Updated January 1, 1 . AmFam Team
Social media is a powerful tool for connecting with and educating a mass of like-minded people — and farmers are recognizing the value these platforms provide. Farmers are actively engaging with social media sites with the purpose of delivering useful, informative content where people can virtually participate in the world of agriculture.
Nowadays, social media is an important marketing resource for farmers to use to connect to their customers and create a community — which brings their farm to the public eye and ultimately leads to a more successful business. From educational videos on YouTube to daily posts on Facebook, we’ll walk you through how utilizing social media can help attract customers to your farm.
Farming has come a long way thanks to many technological advances, and with it so has the way in which farmers market themselves. Promoting your business used to be done by word of mouth, but technology has paved the way for farmers to have a digital presence for consumers to get to know them and their work.
If you’re new to the social media world, you’ll be happy to know that it’s not that difficult to get the ball rolling. In fact, getting started is as simple as signing up. To decide which tool(s) to use, write down your objectives and research social media platform(s) that best align with your goals. Take the following into consideration:
Once you’ve answered these key questions, you can begin your search for the right social media platform. Our advice? Choose one tool to begin with and build that out before committing to multiple platforms.
Facebook, YouTube and Twitter are three popular social media sites that farmers use to benefit their farm presence in the virtual world. We’ve highlighted how you can use each to promote your business.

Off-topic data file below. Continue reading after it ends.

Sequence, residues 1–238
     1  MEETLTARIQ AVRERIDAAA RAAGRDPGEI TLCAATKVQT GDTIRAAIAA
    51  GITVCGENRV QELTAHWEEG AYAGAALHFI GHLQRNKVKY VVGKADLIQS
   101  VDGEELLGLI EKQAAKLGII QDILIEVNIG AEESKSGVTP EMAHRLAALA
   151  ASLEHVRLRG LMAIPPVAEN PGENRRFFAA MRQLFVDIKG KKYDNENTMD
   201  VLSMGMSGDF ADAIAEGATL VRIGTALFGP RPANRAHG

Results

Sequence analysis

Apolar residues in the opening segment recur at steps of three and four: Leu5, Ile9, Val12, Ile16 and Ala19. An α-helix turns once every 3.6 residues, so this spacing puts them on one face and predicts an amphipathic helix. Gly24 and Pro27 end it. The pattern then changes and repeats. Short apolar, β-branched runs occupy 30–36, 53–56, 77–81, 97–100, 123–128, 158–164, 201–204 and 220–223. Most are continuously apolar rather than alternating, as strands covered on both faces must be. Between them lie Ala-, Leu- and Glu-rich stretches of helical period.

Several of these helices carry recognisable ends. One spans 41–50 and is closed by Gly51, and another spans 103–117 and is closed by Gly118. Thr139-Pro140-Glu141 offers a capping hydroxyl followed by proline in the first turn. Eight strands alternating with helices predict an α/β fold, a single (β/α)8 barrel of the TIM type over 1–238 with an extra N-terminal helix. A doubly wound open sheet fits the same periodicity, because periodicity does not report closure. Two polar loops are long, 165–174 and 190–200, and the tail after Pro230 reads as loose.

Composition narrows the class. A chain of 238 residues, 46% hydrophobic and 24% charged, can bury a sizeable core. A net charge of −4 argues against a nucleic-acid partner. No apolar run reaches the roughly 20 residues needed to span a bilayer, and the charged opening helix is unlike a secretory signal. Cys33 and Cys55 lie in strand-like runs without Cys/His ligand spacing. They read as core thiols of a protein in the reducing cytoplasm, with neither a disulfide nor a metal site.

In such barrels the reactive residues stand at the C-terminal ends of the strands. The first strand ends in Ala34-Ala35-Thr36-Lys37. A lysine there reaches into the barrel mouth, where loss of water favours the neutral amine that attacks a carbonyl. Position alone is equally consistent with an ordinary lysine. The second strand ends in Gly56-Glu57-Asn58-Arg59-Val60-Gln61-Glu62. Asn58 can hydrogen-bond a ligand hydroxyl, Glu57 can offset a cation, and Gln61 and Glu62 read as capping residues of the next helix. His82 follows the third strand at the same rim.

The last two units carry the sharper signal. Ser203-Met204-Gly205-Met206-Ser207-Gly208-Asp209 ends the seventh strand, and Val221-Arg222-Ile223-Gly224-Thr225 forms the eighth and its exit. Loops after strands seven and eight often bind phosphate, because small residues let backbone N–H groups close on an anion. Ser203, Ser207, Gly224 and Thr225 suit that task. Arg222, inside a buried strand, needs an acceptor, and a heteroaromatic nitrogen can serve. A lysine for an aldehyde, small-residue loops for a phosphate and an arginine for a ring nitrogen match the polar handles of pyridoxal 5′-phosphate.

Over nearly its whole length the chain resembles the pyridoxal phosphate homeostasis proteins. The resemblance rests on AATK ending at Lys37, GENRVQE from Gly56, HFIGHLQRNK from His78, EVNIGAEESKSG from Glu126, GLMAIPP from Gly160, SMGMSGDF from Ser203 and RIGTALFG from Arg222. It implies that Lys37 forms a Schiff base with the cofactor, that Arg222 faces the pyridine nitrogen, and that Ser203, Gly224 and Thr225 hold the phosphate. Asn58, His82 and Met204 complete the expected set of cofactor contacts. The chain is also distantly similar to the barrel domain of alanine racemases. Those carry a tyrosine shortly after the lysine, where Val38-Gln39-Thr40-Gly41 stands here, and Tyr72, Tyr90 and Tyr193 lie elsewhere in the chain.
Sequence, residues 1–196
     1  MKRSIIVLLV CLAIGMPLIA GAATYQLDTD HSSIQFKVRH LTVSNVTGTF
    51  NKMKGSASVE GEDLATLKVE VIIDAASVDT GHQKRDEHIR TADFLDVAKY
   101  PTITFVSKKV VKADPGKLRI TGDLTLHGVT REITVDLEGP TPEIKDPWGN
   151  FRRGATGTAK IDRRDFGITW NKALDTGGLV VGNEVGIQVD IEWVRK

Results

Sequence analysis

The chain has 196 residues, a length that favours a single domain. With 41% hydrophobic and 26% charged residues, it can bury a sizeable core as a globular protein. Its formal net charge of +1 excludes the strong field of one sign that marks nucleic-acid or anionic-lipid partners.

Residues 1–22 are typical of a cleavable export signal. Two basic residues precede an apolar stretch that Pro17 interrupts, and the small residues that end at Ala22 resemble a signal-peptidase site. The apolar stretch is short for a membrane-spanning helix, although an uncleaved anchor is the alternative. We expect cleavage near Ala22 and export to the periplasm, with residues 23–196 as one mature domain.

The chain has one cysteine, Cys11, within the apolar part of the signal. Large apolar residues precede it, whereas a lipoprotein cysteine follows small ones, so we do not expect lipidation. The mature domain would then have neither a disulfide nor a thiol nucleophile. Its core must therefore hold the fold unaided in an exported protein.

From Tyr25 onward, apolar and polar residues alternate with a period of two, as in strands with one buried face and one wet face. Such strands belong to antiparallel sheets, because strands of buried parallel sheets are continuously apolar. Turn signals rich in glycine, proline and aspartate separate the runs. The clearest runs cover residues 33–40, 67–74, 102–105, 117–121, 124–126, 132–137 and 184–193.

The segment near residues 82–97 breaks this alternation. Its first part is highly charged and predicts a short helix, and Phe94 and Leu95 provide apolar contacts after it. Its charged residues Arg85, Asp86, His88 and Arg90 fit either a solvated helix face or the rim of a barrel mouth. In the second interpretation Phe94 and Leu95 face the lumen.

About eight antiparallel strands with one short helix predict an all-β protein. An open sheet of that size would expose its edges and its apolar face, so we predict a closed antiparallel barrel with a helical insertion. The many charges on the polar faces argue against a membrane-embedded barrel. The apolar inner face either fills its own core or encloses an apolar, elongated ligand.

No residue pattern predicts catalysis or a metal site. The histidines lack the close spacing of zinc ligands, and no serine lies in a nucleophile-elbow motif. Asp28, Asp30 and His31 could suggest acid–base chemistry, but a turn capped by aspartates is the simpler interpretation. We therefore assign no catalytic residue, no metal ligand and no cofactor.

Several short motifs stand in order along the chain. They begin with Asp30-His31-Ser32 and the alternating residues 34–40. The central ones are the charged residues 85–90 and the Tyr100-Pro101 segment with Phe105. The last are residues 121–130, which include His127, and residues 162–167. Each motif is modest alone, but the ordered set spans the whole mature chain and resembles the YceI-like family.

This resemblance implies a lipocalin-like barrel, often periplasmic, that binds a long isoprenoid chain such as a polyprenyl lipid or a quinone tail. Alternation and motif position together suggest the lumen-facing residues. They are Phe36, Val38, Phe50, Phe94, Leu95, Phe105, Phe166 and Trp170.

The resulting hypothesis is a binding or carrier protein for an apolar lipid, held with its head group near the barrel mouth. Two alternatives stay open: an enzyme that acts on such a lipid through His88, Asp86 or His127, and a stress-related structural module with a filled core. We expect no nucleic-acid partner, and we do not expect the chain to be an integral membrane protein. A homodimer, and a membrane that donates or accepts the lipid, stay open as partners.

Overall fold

Over 900 million users are connected on Facebook — imagine how many people could learn about your farm! Facebook is a simple, straightforward tool you can easily use on a daily basis.
You can use Facebook to:
Facebook makes it super easy for your followers to engage with the posts on your page and for you to respond. This interaction creates a more personal experience for the user and will help you develop better relationships between consumer and farm.
YouTube is a visual social media tool where people can share videos on their channel and gain a large following. Unless you set your channel to private, anyone can stumble upon your page and view your videos — which is great because YouTube is the second largest search engine! The more people who can find your channel, the more people will learn about your farm. Make sure you’re using keywords for the titles and descriptions that are relevant for better visibility in search results.
Why use YouTube for your farm?
YouTube allows you to easily track the performance of your videos, which is helpful because you can see how well your content is performing and learn what your audience likes and doesn’t like. For instance, you can see how long someone watches. Did you post a six minute video but people are only watching two minutes of it? Now you know to make a shorter video.